Clothing is colorfast if its colors and dyes do not bleed or run from the clothing. If you aren't careful, you may find out that clothing is not colorfast when it's too late after you have a laundry disaster on your hands. If you wash a red non-colorfast towel with white socks, you may end up with pink socks. Sometimes clothes need to be washed a few times to make sure any remaining dye is washed out. This is especially true for bright colored linens (towels, sheets, and blankets) and for dark-colored denim items. You should first test clothing for colorfastness before using any type of bleach, bleaching solution, or strong cleaning product. Even vinegar or baking soda, which are essentially mild, can damage clothing that isn't colorfast.
What Is Colorfastness?
Colorfastness is a term having to do with dyed textiles. Colorfastness characterizes a dyed material's resistance to fading and/or running.
Variables That Affect Colorfastness
Many elements affect whether fabrics retain their dye or bleed, including:
- The dye type—natural or synthetic
- The type of fiber the dye is applied to
- When and how the dye was applied to the fabric
- The pH of various substances the fabric is exposed to (like perspiration)
- Dry cleaning chemicals
- Heat and sunlight, which can cause certain dyes to fade
How to Test for Colorfastness
The best way to test for colorfastness is to find a hidden seam of the garment or any hidden spot. Try using the bottom hidden seam on clothing that gets tucked in, as inner seams are usually a safe bet. There is always the chance that this test will remove a little color, so choose an area where it won't be noticeable. Apply the laundry detergent or stain remover to the hidden area and then dab the spot with a clean white cotton cloth. Use a white or very light-colored cloth so that you will be able to see any color transfer. If the color removes itself from the garment onto the cloth, don't use the cleaning product on the clothing as this piece of clothing would not be considered colorfast.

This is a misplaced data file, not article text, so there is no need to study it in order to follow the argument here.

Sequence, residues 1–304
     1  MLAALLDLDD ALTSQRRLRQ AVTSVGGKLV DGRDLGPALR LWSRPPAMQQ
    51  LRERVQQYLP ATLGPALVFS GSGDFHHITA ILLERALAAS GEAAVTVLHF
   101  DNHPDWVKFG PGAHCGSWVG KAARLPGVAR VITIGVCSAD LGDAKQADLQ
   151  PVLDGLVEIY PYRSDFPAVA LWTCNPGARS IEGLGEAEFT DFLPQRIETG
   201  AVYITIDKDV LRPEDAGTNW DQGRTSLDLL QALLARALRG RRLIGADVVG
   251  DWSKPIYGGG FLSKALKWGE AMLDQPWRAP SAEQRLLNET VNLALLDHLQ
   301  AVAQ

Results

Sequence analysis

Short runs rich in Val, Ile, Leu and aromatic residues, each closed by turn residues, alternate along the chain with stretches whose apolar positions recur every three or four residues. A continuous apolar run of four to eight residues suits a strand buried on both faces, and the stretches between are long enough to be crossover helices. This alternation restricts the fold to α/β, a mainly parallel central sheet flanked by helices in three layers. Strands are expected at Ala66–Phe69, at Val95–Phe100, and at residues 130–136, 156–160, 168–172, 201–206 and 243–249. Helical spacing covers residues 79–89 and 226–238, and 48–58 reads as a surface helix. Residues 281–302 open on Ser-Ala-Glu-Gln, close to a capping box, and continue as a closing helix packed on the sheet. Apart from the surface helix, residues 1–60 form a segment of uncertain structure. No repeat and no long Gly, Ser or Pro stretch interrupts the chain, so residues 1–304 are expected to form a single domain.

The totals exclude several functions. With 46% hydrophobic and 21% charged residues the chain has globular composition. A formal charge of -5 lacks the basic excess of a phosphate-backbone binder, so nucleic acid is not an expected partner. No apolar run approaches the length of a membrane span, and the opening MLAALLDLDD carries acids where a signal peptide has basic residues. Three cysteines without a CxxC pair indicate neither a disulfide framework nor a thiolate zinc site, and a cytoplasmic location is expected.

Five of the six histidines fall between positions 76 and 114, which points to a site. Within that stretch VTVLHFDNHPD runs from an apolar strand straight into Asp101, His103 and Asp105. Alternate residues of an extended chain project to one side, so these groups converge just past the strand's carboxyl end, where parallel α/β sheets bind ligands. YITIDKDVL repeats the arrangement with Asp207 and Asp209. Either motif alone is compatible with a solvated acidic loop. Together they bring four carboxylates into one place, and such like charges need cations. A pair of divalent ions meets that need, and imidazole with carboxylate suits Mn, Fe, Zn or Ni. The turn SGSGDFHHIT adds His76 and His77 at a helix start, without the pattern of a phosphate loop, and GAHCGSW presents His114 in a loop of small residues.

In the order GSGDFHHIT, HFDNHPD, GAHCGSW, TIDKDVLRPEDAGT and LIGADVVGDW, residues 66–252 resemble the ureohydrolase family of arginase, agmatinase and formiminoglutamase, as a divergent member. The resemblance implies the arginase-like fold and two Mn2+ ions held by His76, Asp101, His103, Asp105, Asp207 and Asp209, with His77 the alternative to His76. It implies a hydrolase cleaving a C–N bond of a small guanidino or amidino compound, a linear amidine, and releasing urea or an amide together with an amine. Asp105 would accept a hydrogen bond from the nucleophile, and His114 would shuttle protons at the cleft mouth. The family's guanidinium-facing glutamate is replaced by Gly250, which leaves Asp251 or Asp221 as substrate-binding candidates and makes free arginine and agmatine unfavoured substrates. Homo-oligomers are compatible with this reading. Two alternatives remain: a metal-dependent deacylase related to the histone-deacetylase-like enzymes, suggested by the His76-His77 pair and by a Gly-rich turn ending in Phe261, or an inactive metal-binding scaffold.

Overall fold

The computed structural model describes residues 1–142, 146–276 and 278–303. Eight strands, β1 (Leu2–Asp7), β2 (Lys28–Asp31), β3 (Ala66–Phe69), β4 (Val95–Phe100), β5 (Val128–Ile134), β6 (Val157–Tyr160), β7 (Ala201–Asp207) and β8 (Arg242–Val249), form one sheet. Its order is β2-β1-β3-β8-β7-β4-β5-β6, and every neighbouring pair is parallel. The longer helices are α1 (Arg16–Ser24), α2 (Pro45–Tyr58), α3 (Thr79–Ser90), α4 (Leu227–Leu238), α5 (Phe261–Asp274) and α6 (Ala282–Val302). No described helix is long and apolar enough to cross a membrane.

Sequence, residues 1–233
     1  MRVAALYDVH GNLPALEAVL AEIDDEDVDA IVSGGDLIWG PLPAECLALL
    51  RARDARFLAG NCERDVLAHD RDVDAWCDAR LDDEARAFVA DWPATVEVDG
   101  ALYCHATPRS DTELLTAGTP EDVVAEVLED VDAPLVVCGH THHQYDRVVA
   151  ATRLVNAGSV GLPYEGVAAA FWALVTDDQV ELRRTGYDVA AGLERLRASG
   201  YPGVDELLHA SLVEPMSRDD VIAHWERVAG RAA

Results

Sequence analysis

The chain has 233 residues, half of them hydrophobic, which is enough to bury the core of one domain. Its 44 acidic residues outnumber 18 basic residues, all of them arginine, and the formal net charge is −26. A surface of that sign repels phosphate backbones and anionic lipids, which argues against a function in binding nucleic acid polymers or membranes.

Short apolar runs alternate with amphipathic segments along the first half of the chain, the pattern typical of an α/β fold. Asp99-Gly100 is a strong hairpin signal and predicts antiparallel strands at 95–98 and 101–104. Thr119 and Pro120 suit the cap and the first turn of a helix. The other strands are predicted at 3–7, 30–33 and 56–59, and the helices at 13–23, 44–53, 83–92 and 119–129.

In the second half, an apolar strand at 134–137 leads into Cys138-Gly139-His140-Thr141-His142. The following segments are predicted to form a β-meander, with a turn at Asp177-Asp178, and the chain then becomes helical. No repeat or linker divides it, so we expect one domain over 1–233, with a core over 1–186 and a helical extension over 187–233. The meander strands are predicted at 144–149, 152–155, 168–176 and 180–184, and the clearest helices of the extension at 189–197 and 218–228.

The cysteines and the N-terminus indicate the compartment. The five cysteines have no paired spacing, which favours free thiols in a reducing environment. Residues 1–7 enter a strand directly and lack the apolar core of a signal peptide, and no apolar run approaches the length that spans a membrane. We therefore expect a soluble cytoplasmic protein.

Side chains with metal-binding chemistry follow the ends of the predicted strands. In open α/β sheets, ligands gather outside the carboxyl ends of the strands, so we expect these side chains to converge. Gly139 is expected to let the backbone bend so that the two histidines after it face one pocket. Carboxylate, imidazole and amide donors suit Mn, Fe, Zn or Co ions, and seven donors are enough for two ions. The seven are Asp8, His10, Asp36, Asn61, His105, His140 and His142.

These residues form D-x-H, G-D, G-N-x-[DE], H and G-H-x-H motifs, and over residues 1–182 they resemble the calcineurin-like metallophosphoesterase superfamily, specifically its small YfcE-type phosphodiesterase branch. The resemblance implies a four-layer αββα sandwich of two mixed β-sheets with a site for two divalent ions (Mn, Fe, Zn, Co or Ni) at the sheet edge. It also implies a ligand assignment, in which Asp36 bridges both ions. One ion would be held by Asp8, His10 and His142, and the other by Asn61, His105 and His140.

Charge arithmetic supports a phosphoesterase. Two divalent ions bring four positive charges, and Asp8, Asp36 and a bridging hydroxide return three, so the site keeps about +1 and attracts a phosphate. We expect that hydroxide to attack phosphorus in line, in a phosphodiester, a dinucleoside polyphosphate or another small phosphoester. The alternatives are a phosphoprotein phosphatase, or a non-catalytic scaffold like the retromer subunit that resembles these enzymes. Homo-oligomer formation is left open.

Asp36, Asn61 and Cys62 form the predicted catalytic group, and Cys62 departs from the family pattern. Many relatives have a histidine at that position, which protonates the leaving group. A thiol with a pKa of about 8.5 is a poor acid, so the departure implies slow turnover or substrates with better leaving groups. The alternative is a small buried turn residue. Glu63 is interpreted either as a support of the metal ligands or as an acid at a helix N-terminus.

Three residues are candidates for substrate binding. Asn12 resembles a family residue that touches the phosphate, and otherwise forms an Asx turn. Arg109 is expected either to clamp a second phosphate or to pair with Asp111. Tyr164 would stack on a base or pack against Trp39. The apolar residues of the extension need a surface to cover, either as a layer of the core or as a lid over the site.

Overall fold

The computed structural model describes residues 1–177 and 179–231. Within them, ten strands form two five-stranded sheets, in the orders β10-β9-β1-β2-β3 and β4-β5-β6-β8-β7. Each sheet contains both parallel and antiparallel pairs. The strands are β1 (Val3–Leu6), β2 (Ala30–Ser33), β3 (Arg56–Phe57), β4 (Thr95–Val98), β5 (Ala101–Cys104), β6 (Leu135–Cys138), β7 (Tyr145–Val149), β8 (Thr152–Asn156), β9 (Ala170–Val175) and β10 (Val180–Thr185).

Checking the care label can be helpful if you're wondering if an item will bleed in the wash—if it says "wash with like colors" or "wash separately," then the piece is unlikely to be colorfast.
Clothes That Are Colorfast
Most cleaning methods will work well on colorfast clothing and you won't have to worry about damage. However, it's still a good idea to test new items on a hidden seam to make sure. Don't worry about this item transferring its color onto other items in your laundry cycle even with warm water settings. Basically, this is a low maintenance piece of clothing that doesn't need special washing instructions.
Clothes That Aren't Colorfast
Some special care will be needed with this clothing. Wash clothing that is not colorfast alone to keep the dye from transferring. You may also need to use a cold water setting to keep colors from fading. Be careful about stain treatment methods, and always test items in a hidden area before using. Keep in mind that you can use plain water to remove most stains if you get to them right away.